The goal of this project is to generate a philosophical account of the role of diagrams in the life sciences, one that does justice to scientific practice while contributing deeper understanding of explanation and other key concepts in philosophy of science. Diagrams are widely employed in the life sciences for a variety of activities that are directly relevant to philosophy of science such as presenting explanations, developing and revising hypotheses, and reasoning about evidence. Until recently, diagrams were rarely studied by philosophers of science, who mainly focused on linguistically represented laws; however, recent interest in models as vehicles for explanation has created a more receptive context for comprehensive investigation of diagrams. This investigation will focus on the use of diagrams in a specific field of biology, circadian rhythm research by chronobiologists. This is a small recently emerging field for which a relatively comprehensive analysis is feasible; there is ready access to a local community of prominent researchers, and concern with complex molecular mechanisms renders reliance on diagrams extremely important for these researchers. This project will build on recent pioneering efforts in philosophy of science as well as a longer line of research in cognitive science concerning reasoning and problem solving using diagrams.
Intellectual Merit Four lines of investigation will be pursued simultaneously and synergistically, each making a distinctive contribution to the project. A taxonomy of diagrams will be developed, beginning with attention to the range of representational devices available and the ways diagrams are used in scientific investigations but adding other dimensions as work proceeds. Second, diagrams used by selected circadian rhythm researchers will be closely examined, with particular attention to the context in which they were developed and used, the differences between diagrams developed by different scientists, and the ways diagrams are revised over time. Third, cognitive science research will be examined, emphasizing the cognitive processes involved in developing, understanding, or reasoning with diagrams and applying this to understanding processes of scientific cognition more specifically. Finally, the analysis of diagrams will be brought to bear on philosophical accounts of explanation, with particular emphasis on how existing accounts of explanation may need to be extended or revised.
Potential Broader Impacts The broader impact of this project involves several distinct audiences and their concerns. The most immediate target audience is philosophers of science, for whom the project should demonstrate the crucial and diverse roles played by diagrams in the reasoning and explanatory activities of scientists. This has the potential to expand the scope of current philosophy of science. Second, in addition to drawing upon the results of cognitive scientists the project's focus on particular scientific diagrams should itself contribute to thinking and discourse in cognitive science. Third, chronobiologists and other scientists whose use of diagrams are investigated should gain useful new perspective on their own scientific practices. Finally, the results of this project will be communicated to scientists more generally, especially those with an ongoing interest in new perspectives from philosophy of science, and to educators involved in both college and pre-college science teaching.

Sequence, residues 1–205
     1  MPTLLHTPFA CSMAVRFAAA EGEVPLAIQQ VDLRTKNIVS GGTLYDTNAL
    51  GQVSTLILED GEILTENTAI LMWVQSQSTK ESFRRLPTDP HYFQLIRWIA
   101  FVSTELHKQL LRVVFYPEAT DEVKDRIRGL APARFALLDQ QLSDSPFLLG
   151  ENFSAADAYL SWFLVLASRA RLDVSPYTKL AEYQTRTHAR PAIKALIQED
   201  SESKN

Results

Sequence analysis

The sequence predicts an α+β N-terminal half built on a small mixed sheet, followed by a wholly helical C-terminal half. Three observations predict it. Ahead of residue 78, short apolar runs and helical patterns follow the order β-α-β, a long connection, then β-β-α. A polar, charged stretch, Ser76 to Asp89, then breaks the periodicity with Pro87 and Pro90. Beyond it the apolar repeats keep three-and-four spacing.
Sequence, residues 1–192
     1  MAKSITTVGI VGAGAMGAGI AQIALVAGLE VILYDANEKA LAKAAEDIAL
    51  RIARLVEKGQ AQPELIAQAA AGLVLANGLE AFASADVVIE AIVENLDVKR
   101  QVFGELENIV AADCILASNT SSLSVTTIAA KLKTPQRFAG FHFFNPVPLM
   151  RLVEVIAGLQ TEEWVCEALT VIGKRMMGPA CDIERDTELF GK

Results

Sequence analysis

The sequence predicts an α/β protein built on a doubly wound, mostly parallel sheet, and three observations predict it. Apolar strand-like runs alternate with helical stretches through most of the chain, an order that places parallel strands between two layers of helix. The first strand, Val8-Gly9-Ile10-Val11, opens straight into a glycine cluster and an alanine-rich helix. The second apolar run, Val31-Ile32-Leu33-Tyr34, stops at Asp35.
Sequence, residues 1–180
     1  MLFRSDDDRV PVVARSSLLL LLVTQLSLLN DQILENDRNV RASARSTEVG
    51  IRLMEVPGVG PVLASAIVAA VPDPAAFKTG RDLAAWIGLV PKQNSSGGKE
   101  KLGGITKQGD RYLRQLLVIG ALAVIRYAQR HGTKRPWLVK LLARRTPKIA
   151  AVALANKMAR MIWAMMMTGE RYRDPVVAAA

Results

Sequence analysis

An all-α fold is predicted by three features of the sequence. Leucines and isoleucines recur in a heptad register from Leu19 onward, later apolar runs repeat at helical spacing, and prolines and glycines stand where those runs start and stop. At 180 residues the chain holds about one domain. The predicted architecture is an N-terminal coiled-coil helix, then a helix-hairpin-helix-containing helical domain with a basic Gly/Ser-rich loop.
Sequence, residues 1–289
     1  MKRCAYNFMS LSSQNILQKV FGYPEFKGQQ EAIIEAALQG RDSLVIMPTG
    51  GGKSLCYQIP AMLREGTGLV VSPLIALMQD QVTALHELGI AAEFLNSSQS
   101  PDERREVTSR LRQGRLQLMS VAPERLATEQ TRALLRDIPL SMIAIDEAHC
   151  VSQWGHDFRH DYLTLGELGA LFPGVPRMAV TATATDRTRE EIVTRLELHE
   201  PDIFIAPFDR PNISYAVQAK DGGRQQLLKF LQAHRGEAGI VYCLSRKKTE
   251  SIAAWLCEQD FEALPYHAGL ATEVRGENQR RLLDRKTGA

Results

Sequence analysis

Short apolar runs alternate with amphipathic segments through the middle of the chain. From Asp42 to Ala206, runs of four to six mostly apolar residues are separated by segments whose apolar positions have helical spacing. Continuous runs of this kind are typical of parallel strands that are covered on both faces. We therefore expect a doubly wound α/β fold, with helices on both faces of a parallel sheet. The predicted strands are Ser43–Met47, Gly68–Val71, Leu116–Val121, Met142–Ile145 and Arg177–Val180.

This project was directed at understanding some of the important roles diagrams play in scientific research, especially as tools in the reasoning processes of scientists. Although diagrams (using the term in the inclusive sense to include graphs as well as diagrams of hypothesized mechanisms) are ubiquitous in scientistsâ€™ talks and publications, especially the life sciences, they have received little discussion in the accounts of science proposed by philosophers of science. It is generally assumed that the information employed in scientific reasoning can be encoded in linguistic propositions and the reasoning addressed is that appropriate to propositions. By focusing on diagrams in one particular science, circadian biology, this project sought not just to begin to fill this lacuna but to investigate what important roles diagrams play in scientific investigations. It is possible that diagrams are used to communicate results, but donâ€™t figure significantly in the conduct of research. Our investigation suggests otherwise—that diagrams figure centrally in scientistsâ€™ formulation. Both evidence and the hypotheses developed in response to evidence are commonly represented in diagrams. A key cognitive process employed with diagrams is detection of visual patterns. What patterns researchers are able to identify often depends on the technique for diagramming that a researcher employs. Not infrequently, researchers in a given field develop and refine new diagrammatic formats that afford recognition of new patterns. Such engagement with diagrams is part of their reasoning and problem solving activities. As in many fields of biology, circadian biologists seek to explain phenomena, such as the ability to maintain endogenously an oscillation of approximately 24 hours, by identifying the mechanism responsible for it. Our research focused on the role of diagrams in several steps in the process of developing such explanations—delineating the phenomena, identifying explanatory relations between variables, and advancing accounts of the responsible mechanisms. In their attempts to delineate the core phenomenon of endogenously generated oscillations, circadian biologists developed actograms, specialized diagrams which facilitate recognizing patterns such as phase advance during periods without entrainment. In their endeavor to understand how molecular processes in multiple cells contribute to maintaining regular endogenous oscillations in organisms, researchers have adapted a variety of diagram formats, including Rayleigh plots in which the phase of maximum expression of a relevant molecule in each cell is indicate around a circle or clock face. Finally, to represent hypotheses about the mechanism researchers use glyphs such as boxes and arrows to represent parts and operations and organize these in space. Such diagrams are a basis for considering alternatives. One clue to how such diagrams are used to represent possibilities under consideration is the frequent appearance of question marks in mechanism diagrams. We have identified several salient features of diagram use in circadian biology. Focusing just on mechanism diagrams, different researchers make different choices as to what to include and what to leave out. Moreover, when a feature is included, different variants may be treated as homogenous or heterogeneous depending on the goals of the research and the ability to address differences. Further, individual researchers often borrow or adapt representational formats that they or others have used earlier. This often provides clues as to how research projects develop over times and how given investigators position their research in relation to that of others. A particular challenge in circadian biology is how to represent temporal processes in a static diagram. In addition to using arrows to identify processes requiring time, circadian researchers have developed a number of strategies, including showing the states of components around a clock face or replicating the representation of the mechanism so as to show its configuration at different times. Ultimately, understanding how a mechanism will behave over time often is best accomplished through computational modeling. Diagrams figure in modeling, both by providing a basis for representing properties of parts of the mechanism in variables and identifying the parameters that are required and in presenting the output of the computational model using, for example, phase plots where, for example, a limit cycle reveals that a given mechanism will generate sustained oscillations. Our research emphasized identifying actual diagrams scientists use and analyzing the functions they play in the scientistsâ€™ reasoning. In our project we drew upon the research of cognitive scientists who have experimentally investigate how people engage diagrams by having participants perform tasks in the laboratory. As helpful as this research is in beginning the analysis of how scientists use diagrams in their research, generally the diagrams used in this research are much simpler than those used in scientific research. By extrapolating these results to the reasoning processes of actual scientists, and focusing on the diagrams scientists actually work with, we have sought to complement the cognitive science research to date and potentially entice cognitive scientists to focus more on the sorts of diagrams used in actual scientific research.